Warlord Gulbuddin Hekmatyar comes in from the cold and signs a peace accord with the government. The linked essay speculates that the U.S. viewed him as a potential asset and so refrained from droning him. He also has ties with the Pakistan ISI.

Iraq

It gets little attention, but many U.S. mercenaries are working for the Iraqi government.

Iraq's interior minister was once accused of providing weapons to Shiite militias attacking U.S. troops and involvement with the Iranian al Quds militia. He was imprisoned by the U.S. for nearly two years.

IS attacks a Kurdish base where U.S. advisers are stationed, but the attack is thwarted by peshmerga.

Civilians fleeing Mosul continue to tell horrific tales:

Iraqi officials say they hope to liberate the city completely within three weeks. But civilians fleeing on Friday report that the renewed push has been accompanied by mounting civilian deaths. "My uncle died yesterday," said Mrs Ibrahim. "His house collapsed in a strike." The housewife had fled her own home earlier that day with her husband and their two young children and new-born baby.

Life under Isil had grown increasingly difficult in recent months, she said, but it was only when soldiers approached that they deemed it safe enough to flee. When she gave birth at home two weeks ago, there was no doctor available to assist the delivery or prescribe medicine when her baby became ill. "Look, my baby's face is blue," she said.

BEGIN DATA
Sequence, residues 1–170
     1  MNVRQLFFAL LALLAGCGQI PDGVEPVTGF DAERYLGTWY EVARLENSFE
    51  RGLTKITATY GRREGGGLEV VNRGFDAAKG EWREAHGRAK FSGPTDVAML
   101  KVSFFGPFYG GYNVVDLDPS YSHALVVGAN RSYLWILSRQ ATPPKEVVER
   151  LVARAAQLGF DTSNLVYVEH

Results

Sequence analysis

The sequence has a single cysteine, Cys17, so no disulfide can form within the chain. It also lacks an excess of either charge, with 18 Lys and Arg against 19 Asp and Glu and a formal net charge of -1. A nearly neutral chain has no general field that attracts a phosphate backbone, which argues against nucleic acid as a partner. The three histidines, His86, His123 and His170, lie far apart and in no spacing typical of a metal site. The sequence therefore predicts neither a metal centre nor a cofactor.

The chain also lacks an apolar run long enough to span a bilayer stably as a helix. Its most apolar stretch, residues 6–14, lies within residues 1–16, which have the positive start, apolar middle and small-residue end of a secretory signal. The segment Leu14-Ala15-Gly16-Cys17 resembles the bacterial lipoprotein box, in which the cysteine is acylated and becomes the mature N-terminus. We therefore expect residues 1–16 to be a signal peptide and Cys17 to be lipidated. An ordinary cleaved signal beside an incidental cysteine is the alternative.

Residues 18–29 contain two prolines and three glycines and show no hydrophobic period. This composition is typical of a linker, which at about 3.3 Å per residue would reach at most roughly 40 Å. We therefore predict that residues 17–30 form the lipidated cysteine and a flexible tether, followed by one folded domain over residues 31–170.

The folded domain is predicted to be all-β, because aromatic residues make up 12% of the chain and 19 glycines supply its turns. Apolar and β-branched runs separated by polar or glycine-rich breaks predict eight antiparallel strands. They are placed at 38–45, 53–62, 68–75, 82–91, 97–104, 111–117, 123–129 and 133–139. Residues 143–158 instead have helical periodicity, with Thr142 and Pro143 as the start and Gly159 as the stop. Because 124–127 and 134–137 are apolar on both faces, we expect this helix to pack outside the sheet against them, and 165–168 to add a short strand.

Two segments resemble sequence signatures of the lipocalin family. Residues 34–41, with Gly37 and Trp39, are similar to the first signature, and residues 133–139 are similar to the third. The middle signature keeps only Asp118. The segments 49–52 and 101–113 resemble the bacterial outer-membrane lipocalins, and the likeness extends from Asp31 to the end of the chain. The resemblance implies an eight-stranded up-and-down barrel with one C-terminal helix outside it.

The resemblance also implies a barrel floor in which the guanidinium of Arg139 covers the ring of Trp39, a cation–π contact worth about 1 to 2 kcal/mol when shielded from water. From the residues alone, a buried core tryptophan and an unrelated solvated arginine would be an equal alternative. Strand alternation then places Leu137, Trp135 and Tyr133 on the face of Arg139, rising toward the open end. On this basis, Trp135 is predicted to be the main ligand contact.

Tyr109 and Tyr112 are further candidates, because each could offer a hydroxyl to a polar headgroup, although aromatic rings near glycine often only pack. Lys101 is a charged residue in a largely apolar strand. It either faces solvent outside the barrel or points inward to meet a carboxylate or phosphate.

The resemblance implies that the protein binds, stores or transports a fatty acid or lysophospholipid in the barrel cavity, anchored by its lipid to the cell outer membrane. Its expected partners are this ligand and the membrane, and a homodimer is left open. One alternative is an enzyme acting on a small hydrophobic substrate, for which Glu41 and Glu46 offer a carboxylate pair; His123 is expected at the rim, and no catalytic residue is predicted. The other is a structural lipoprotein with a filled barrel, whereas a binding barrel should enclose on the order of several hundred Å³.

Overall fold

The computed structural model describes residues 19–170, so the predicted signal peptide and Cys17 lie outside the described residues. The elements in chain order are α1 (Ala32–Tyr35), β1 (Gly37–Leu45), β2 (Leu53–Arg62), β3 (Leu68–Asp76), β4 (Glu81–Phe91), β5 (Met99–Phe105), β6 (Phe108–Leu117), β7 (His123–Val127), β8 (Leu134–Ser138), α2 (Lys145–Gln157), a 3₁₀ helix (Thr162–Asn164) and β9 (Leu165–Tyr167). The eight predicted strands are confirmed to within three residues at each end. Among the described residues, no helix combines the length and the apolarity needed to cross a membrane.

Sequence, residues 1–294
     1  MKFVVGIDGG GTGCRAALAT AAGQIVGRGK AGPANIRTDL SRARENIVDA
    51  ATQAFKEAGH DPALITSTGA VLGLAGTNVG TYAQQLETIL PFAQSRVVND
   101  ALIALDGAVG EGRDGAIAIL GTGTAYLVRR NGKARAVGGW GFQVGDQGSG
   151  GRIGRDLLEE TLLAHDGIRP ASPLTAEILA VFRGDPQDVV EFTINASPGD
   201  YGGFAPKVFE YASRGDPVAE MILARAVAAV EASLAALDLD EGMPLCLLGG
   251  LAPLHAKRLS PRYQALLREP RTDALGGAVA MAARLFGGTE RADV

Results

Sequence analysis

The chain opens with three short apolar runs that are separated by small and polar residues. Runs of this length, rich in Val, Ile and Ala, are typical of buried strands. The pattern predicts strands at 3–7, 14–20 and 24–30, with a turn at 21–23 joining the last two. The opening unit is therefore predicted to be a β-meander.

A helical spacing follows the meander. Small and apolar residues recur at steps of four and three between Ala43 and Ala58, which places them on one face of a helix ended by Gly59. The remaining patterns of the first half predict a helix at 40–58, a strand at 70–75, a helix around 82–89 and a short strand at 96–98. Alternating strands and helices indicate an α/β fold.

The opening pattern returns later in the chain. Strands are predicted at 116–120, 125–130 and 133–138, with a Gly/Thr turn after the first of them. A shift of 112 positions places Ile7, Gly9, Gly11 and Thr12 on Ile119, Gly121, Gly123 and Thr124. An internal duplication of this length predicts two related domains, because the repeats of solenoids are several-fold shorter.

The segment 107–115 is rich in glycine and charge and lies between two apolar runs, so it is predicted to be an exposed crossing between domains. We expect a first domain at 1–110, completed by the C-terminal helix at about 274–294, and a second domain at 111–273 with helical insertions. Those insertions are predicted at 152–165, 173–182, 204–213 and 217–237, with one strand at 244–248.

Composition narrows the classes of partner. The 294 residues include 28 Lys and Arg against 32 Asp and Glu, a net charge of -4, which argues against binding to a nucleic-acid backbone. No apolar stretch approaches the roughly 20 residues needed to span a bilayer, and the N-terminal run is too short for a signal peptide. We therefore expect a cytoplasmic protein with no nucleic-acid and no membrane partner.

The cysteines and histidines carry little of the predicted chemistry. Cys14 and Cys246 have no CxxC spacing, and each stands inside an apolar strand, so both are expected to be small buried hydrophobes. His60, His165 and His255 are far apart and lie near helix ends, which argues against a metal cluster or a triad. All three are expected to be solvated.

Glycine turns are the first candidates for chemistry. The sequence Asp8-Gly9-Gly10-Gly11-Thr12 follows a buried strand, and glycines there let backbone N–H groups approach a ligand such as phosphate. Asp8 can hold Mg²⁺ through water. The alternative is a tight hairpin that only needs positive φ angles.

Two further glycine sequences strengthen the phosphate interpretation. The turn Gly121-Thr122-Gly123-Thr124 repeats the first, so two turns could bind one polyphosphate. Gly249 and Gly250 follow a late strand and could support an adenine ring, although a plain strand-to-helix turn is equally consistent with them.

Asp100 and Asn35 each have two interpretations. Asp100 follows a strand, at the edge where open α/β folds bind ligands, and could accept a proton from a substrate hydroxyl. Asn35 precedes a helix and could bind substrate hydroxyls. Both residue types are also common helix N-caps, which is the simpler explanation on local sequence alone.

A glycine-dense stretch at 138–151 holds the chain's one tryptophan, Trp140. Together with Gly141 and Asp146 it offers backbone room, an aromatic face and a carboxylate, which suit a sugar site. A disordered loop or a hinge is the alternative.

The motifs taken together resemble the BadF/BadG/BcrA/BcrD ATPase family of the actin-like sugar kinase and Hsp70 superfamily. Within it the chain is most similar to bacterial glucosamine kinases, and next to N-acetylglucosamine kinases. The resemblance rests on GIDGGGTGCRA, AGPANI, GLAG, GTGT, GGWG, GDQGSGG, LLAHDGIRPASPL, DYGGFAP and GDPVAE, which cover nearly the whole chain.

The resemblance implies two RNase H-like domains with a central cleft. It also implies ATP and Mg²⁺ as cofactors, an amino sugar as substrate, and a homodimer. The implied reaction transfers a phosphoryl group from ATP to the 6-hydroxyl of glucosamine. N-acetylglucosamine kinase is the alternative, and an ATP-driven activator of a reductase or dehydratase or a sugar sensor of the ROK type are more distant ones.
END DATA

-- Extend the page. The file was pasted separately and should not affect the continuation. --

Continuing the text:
The family hoped to receive medical care but no medics were immediately available at the muster point, which was being managed by the Iraqi army. Over 1500 civilians arrived at the site on Friday and there were chaotic scenes as soldiers distributed food from the back of trucks.

As civilians scrambled among rain-soaked cardboard boxes for cans of food and bottles of fruit drink, many reported it was their first food other than bread that they had eaten in weeks.

The slow advance into Mosul continues, with troops hoping to open more escape routes for civilians.

Navy SEAL Kyle Milliken, of Falmouth, Maine, is killed in action in Somalia. (The SEALs are now officially called "special warfare operators.")

Monday, May 1, 2017

Update for Monday, May 1, 2017

U.S. soldier killed by IED near Mosul on Saturday is identified as army 1st Lt. Weston C. Lee, 25, of Bluffton, Georgia. He was assigned to the 1st Battalion, 325th Infantry Regiment, 2nd Brigade Combat Team, 82nd Airborne Division, Fort Bragg, North Carolina. He was a recipient of the Purple Heart and Bronze Star.

Iraqi Vice President Osama al-Nujaifi says the humanitarian situation in Mosul is catastrophic. He cites famine among the hundreds of thousands who remain in the city.